The DALI tool is meant to be a big picture, long-term view of where we see relative strength in the global marketplace, with the key term in this evaluation being the relative strength nature of the comparison. DALI is built using underlying relative strength comparisons of various funds from each asset class in a large relative strength matrix, which we then aggregate into the broad rankings. Each asset class has an equal amount of broad representative ETFs that we use in the underlying matrix, which is meant to embody the significant aspects of the six broad asset classes.

The aggregate signal count of the DALI tool causes it to be something that does not change very often, leading to significant shifts when we do see a change. These changes are also not undone easily, as the signal changes that led to the movement of the asset classes need to be reversed before we can see an asset class rise in the rankings.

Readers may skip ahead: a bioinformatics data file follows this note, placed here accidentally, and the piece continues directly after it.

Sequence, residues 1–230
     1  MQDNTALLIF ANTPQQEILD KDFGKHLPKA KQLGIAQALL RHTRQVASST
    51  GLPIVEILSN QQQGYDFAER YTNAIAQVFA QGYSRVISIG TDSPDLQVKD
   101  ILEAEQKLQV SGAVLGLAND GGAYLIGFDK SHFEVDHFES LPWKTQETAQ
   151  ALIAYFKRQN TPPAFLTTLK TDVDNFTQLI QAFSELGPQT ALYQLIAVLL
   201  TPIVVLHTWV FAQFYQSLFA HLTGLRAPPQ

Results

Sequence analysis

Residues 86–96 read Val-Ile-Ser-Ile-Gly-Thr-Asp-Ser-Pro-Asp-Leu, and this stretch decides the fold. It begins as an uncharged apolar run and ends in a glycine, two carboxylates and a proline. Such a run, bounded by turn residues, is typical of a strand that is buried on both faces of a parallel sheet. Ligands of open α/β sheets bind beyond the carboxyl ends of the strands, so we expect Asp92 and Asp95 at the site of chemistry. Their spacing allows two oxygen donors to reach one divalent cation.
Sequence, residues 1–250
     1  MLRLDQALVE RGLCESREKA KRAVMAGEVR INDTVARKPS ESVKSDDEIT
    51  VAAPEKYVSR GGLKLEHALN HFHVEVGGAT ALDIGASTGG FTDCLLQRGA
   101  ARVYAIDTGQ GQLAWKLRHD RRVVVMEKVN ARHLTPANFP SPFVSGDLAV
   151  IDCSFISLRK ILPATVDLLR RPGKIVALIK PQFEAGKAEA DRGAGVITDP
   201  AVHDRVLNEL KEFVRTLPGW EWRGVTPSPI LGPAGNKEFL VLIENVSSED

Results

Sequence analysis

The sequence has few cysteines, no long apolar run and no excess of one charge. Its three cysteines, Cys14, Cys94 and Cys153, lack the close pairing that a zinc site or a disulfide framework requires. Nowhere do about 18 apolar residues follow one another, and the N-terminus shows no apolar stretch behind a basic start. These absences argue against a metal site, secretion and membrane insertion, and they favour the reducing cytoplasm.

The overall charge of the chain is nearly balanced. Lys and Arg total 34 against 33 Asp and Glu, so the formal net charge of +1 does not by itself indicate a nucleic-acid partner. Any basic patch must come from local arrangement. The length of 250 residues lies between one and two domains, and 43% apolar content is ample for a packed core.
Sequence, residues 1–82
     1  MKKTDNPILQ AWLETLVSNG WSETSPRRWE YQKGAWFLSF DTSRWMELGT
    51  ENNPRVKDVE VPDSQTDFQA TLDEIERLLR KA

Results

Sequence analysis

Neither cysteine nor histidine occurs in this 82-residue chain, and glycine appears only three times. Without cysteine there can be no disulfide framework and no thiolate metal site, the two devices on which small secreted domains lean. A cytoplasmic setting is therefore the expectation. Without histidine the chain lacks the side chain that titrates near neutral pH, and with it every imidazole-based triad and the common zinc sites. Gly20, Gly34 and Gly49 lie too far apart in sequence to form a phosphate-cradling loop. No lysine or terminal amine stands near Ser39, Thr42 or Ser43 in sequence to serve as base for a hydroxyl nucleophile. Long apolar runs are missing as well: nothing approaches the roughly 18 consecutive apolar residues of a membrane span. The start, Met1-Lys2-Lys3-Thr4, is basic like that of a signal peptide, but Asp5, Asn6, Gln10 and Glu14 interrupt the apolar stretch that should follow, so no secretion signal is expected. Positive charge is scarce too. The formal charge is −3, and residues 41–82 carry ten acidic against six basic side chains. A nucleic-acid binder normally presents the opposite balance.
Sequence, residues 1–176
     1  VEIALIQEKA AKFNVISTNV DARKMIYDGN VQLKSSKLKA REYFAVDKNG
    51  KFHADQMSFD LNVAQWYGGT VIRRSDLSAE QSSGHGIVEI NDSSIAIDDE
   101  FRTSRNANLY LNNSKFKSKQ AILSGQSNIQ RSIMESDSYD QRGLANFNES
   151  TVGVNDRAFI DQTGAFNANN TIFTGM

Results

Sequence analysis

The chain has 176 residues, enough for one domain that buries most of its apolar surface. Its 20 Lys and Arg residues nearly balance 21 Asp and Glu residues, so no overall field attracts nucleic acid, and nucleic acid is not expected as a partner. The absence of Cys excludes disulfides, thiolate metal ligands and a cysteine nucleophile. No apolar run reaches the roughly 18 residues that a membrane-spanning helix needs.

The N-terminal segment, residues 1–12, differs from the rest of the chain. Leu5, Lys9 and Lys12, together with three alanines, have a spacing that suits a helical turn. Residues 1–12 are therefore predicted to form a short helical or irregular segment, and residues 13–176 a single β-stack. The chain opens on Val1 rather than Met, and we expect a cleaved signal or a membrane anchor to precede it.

There are currently 61 signals separating the number two ranked asset class (Fixed Income) from Domestic Equity.  At it’s widest margin, that number was 107, meaning there were 107 buy signals separating Fixed Income from Domestic Equity. We have seen a meaningful closing of the gap but still have some work to do. There are a number of charts that have returned to buy signals for US Equity, like the chart of the S&P 500 ETF versus Investment Grade Corporate Bond.

The reality is, as we stand now, there are also a number of charts that did not experience the back and forth action due to the speed and velocity of the sell-off in Feb/March and the speed of the recovery since late March. So, there are some charts that look like the S&P 500 versus Aggregate Bond ETF that are still aways from returning to buy signals if this market continues to go up from here.